Service Directory can also be integrated with GKE or Cloud DNS to manage services through namespaces.
The gke-networking-recipes github repo has some Service Directory examples you can try out for Internal LoadBalancers, ClusterIP, Headless & NodePort.
You can learn more about DNS options in GKE by reading the article DNS on GKE: Everything that you need to know.
These devices control access and distribute traffic over clutter resources. GKE offers several options:
- Internal Load Balancers
- External load balancers
They handle HTTP(S), traffic to your cluster. They use the Ingress resource type. This creates an HTTP(S), load balancer for GKE. To ensure that the address does not change, you can assign a static address to the loadbalancer when configuring.
GKE allows you to provision both internal and external Ingress. These guides will show you how to configure GKE.
- Ingress configuration for internal HTTP(S), load balancing
- External load balancing
GKE allows you container native load balancing that directs traffic directly towards the pod IP via Network Endpoint groups (NEGs).
These are the main points you need to know about this topic.
- Frontend This exposes your service to clients via a frontend that allows traffic to be accepted based on different rules. This could be either a static IP address or a DNS name.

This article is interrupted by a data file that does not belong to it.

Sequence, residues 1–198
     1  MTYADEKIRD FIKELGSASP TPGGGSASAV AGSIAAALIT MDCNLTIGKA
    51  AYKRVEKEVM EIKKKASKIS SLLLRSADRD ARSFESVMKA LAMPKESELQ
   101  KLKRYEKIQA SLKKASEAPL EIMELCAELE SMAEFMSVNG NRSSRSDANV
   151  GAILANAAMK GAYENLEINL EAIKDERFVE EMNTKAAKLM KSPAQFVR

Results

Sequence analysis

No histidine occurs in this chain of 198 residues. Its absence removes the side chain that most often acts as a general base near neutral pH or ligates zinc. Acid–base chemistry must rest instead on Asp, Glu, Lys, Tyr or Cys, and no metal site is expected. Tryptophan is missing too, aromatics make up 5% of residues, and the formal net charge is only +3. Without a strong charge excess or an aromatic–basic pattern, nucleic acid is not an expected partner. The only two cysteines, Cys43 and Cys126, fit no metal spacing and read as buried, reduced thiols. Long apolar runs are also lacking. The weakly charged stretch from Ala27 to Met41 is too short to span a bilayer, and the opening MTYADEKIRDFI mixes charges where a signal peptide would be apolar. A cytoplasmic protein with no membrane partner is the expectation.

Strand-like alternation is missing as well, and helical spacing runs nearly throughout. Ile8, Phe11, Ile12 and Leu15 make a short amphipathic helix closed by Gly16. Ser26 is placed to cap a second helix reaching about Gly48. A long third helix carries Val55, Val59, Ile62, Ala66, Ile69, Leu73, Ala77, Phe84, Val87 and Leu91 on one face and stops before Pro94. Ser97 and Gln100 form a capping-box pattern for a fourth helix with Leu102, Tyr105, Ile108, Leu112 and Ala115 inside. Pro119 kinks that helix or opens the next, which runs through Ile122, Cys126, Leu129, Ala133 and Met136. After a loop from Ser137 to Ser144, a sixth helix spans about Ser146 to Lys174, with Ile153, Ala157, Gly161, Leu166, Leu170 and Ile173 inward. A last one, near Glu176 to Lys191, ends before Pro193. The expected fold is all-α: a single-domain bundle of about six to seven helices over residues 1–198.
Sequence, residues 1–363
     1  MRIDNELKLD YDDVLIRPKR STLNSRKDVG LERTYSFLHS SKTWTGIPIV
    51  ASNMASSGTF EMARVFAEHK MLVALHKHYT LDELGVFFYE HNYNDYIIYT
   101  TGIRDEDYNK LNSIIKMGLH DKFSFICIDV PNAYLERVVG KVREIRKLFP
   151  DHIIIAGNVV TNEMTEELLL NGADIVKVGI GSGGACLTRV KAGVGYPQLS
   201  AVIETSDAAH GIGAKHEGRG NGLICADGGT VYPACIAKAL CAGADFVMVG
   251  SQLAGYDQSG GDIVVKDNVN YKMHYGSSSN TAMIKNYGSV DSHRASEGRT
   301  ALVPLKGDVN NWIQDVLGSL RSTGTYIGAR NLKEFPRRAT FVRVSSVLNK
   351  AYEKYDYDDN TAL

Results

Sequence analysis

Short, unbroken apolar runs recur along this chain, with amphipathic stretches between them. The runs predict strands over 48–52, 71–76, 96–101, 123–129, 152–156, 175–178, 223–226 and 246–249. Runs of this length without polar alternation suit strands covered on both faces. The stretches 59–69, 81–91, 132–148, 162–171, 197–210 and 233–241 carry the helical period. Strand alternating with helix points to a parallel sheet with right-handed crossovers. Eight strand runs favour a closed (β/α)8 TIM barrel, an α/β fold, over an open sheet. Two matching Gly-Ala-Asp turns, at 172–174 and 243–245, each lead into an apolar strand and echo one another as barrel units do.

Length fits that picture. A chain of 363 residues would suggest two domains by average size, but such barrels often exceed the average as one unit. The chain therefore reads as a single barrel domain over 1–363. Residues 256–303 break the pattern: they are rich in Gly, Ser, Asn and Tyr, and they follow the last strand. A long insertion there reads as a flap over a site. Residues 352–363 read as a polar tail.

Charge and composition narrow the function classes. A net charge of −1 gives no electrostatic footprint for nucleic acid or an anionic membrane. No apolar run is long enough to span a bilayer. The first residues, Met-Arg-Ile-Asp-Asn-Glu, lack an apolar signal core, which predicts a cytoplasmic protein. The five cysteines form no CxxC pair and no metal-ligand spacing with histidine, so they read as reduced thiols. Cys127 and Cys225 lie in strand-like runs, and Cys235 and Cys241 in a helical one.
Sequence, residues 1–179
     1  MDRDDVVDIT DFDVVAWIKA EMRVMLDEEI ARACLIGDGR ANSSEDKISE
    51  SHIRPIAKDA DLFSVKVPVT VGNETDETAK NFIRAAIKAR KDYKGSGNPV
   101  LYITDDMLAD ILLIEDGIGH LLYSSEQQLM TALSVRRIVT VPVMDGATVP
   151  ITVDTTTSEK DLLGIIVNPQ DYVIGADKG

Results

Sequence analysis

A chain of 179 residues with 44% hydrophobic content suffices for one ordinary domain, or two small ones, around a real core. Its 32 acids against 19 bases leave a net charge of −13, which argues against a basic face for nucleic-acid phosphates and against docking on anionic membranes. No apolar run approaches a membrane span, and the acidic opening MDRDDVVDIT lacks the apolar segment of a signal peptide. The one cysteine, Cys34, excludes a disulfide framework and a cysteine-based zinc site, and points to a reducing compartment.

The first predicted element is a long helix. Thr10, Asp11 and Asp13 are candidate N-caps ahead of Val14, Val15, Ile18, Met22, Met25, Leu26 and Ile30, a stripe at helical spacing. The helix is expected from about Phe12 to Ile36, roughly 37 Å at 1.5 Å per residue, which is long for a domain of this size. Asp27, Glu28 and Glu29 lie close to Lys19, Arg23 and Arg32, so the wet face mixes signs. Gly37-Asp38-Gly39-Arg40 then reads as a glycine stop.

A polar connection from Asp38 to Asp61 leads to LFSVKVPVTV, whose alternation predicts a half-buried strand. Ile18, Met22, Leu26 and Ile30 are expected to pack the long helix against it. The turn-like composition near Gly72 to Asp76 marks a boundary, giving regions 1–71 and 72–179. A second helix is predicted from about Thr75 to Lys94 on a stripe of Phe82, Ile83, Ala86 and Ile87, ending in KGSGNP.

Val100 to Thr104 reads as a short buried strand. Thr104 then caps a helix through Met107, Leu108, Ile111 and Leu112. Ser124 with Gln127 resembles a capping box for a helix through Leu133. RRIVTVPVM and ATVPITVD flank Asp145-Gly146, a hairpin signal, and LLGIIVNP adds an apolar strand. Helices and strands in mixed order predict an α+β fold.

- Load Balancing Once traffic has been allowed, the load balancer allocates resources to the requested request according to rules.
- Backend There are many endpoints that can also be used in GKE.
GKE offers many ways to design your clusters network.
- Standard This mode gives the administrator the ability to manage the clusters’ underlying infrastructure. If you require greater control and responsibility, this mode is for you.
- Autopilot GKE provides and manages the cluster’s underlying infrastructure. This configuration is ready for use and allows you to have some hand-off management.
- Private cluster This allows only internal IP connections. Clients need to be able to access the internet (e.g. Cloud NAT is a way to provide clients with access to the internet (e.g. for updates).
- Private Access (Lets your VPC connect with service producer via private Ip addresses. Private-Service Connect, Allows private consumption across VPC networks.
Bringing everything together
Here is a brief, high-level overview.
- Your cluster assigns IP addresses to different resources
- These IP addresses are reserved for various resource types. Subnetting allows you to adjust the size of the range to suit your needs. It is a good idea to limit external access to your cluster.
- By default, pods can communicate with each other across the cluster.
- A service is required to expose pod-running applications.
- Services are assigned cluster IPs.
- You can either use kube-dns for DNS resolution or Google Cloud DNS within your GKE Cluster.
- External and internal load balancers can both be used with your cluster to distribute traffic and expose applications.
- Ingress handles HTTP(S). This uses the HTTP(S) loadbalancing service of Google cloud. Ingress can be used to create internal or external configurations.